Home|Journals Follow on Twitter| Subscribe to List

Directory for Medical Articles
 

Open Access

Original Research

Düşünen Adam. 2013; 26(1): 22-27


Liver enzymes and bilirubin levels during atomoxetine treatment in children and adolescents

Özden Şükran Üneri, Mazlum Çopur, Canan Tanıdır,Hatice Güneş, Ayten Erdoğan.

Abstract
Objective: Atomoxetine is the first non stimulant medication approved by FDA for the treatment of Attention Deficit Hyperactivity Disorder (ADHD). The objective of this study was to investigate the changes in the liver enzymes levels associated with one month atomoxetine treatment in children with ADHD.

Method: A retrospective chart review was done to evaluate patients treated with only atomoxetine in Bakırköy Prof. Dr. Mazhar Osman Research and Training Hospital for Psychiatry and Neurological Disease, Child and Adolescent Psychiatry Clinic outpatient unit between September 2010 and December 2010. A total of 62 patients between 6-15 years of age were eligible for the study. Patients’ baseline and one month follow-up hepatobiliary function tests including alanine aminotransferase (ALT) and aspartat aminotransferase (AST), gamma glutamyl transferase (GGT), alkaline phosphatase (ALP) and total serum bilirubin levels were noted.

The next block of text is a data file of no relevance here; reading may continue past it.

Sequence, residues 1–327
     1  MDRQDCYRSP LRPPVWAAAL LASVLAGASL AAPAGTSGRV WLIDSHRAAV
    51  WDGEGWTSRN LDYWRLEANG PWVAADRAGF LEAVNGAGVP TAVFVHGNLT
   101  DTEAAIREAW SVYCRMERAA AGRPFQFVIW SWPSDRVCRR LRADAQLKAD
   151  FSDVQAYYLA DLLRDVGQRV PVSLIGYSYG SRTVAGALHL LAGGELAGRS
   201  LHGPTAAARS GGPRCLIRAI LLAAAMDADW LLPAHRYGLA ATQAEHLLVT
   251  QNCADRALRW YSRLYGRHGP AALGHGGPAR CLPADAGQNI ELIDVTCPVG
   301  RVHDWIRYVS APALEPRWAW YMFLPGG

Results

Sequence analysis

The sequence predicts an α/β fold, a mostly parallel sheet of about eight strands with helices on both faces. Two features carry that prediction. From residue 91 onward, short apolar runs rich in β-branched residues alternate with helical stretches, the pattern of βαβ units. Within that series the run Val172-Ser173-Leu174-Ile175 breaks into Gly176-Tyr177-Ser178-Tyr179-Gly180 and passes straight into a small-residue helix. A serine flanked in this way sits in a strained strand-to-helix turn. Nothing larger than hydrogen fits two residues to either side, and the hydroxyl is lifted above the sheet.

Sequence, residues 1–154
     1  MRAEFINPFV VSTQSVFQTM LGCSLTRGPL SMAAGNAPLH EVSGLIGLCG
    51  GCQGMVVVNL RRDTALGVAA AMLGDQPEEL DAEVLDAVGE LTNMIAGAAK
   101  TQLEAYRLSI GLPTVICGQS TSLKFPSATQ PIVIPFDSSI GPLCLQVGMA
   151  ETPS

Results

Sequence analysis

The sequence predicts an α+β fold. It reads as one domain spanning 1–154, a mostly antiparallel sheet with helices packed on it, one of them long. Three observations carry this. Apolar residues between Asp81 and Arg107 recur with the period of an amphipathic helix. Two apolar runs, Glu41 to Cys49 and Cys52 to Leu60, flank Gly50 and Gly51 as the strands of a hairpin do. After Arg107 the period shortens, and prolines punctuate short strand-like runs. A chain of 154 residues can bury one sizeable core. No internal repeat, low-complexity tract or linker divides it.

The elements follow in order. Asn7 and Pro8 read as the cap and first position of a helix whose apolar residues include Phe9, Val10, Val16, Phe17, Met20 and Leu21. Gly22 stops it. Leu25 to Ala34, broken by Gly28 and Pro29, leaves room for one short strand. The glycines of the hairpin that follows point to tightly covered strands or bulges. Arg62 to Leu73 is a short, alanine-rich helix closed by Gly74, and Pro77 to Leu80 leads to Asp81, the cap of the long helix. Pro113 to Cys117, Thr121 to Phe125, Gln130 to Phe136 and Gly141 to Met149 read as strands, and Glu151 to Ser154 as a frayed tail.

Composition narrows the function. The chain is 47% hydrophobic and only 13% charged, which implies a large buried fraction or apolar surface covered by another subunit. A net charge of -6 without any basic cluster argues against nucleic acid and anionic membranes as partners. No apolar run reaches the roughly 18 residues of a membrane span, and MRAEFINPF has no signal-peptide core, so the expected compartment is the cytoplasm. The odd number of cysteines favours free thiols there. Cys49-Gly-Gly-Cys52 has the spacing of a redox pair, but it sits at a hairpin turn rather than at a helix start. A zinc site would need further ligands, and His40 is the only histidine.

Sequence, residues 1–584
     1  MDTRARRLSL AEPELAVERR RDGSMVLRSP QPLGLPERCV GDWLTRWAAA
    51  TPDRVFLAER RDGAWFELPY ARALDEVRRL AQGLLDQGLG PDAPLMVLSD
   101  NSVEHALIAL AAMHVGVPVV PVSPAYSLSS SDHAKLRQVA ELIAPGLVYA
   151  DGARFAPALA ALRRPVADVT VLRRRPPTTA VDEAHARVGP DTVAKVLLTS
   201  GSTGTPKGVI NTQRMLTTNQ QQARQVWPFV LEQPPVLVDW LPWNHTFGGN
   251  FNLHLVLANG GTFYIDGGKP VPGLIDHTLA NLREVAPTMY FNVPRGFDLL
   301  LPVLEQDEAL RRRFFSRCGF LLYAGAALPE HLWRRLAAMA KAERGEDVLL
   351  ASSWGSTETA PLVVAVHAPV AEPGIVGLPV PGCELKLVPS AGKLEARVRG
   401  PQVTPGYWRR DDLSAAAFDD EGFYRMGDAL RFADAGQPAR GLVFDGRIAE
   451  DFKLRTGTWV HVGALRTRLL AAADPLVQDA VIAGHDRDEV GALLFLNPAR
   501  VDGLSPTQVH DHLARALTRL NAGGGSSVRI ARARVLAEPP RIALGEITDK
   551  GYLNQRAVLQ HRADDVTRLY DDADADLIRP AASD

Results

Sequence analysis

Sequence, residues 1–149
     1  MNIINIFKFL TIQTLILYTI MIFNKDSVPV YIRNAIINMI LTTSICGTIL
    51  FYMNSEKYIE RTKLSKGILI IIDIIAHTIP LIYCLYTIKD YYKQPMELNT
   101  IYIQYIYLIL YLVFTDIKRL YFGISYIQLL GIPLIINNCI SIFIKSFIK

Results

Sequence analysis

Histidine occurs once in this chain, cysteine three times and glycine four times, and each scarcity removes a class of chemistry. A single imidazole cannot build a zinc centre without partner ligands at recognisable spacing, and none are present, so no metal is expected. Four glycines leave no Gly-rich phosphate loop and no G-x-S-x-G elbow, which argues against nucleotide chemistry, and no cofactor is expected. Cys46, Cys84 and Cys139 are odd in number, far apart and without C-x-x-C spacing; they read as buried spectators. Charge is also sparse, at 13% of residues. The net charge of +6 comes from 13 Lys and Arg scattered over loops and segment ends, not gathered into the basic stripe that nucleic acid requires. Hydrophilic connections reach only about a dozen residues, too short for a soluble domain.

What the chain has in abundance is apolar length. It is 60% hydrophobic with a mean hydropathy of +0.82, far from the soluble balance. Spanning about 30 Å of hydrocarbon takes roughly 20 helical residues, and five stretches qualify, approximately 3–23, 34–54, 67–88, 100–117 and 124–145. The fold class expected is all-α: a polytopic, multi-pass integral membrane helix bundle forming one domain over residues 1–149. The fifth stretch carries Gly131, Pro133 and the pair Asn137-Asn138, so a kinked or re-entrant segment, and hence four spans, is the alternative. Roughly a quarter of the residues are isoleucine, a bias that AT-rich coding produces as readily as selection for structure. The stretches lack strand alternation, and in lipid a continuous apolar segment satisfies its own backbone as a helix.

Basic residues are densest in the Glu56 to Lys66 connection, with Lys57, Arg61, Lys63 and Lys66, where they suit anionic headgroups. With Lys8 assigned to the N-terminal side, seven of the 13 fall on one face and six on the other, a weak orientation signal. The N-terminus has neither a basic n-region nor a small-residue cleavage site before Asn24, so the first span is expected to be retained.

Results: No case of jaundice or hepatic failure was seen during the one month treatment period. ALT levels in the first month were significantly lower than baseline. The mean levels of other liver enzymes and bilirubin levels of the patients at the first month were not significantly different than baseline. Clinically nonsignificant elevation of liver enzymes and bilirubin from the defined normal levels were observed in 8 (12.9%) patients.

Conclusion: Taking into account the limitations of a retrospective chart review in nonrandomized samples, it appears that atomoxetine treatment in short term does not lead to abnormal liver function changes at therapeutic doses in children and adolescents. Prospective studies are needed to assess liver function tests abnormalities in youth population using atomoxetine.

Key words: Atomoxetine, ADHD, liver enzymes, hepatotoxicity



Article Language: Turkish English



Share this Article


Advertisement
Journal of Environmental and Occupational Science

SUBMIT YOUR ARTICLE NOW


ScopeMed.com
ScopeMed Home
Follow ScopeMed on Twitter
BiblioCAM
Author Tools
eJPort Journal Hosting
About ScopeMed
License Information
Terms & Conditions
Privacy Policy
Contact Us

The articles in Scopemed are open access articles licensed under the terms of the Creative Commons Attribution-NonCommercial-ShareAlike 4.0 International License (https://creativecommons.org/licenses/by-nc-sa/4.0/) which permits unrestricted, non-commercial use, distribution and reproduction in any medium, provided the work is properly cited.
ScopeMed is a Database Service for Scientific Publications. Copyright © ScopeMed® Information Services.
Scopemed Buttons